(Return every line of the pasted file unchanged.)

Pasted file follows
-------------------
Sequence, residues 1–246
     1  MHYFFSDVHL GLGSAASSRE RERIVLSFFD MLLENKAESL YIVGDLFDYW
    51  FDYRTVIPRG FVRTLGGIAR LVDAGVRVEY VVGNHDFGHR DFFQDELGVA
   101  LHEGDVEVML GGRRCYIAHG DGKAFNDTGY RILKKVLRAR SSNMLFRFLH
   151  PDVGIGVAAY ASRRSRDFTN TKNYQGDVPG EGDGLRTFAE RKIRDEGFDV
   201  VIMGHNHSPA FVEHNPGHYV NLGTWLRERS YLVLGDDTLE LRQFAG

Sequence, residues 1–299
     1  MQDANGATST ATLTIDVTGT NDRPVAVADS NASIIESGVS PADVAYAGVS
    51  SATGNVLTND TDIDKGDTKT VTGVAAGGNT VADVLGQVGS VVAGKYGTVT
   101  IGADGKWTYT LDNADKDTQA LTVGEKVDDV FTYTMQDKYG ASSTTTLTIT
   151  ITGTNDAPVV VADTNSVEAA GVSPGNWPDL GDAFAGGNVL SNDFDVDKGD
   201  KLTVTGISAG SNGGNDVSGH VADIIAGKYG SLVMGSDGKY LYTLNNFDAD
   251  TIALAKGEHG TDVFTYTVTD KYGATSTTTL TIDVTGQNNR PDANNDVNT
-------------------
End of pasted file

Sequence, residues 1–246
     1  MHYFFSDVHL GLGSAASSRE RERIVLSFFD MLLENKAESL YIVGDLFDYW
    51  FDYRTVIPRG FVRTLGGIAR LVDAGVRVEY VVGNHDFGHR DFFQDELGVA
   101  LHEGDVEVML GGRRCYIAHG DGKAFNDTGY RILKKVLRAR SSNMLFRFLH
   151  PDVGIGVAAY ASRRSRDFTN TKNYQGDVPG EGDGLRTFAE RKIRDEGFDV
   201  VIMGHNHSPA FVEHNPGHYV NLGTWLRERS YLVLGDDTLE LRQFAG

Sequence, residues 1–299
     1  MQDANGATST ATLTIDVTGT NDRPVAVADS NASIIESGVS PADVAYAGVS
    51  SATGNVLTND TDIDKGDTKT VTGVAAGGNT VADVLGQVGS VVAGKYGTVT
   101  IGADGKWTYT LDNADKDTQA LTVGEKVDDV FTYTMQDKYG ASSTTTLTIT
   151  ITGTNDAPVV VADTNSVEAA GVSPGNWPDL GDAFAGGNVL SNDFDVDKGD
   201  KLTVTGISAG SNGGNDVSGH VADIIAGKYG SLVMGSDGKY LYTLNNFDAD
   251  TIALAKGEHG TDVFTYTVTD KYGATSTTTL TIDVTGQNNR PDANNDVNT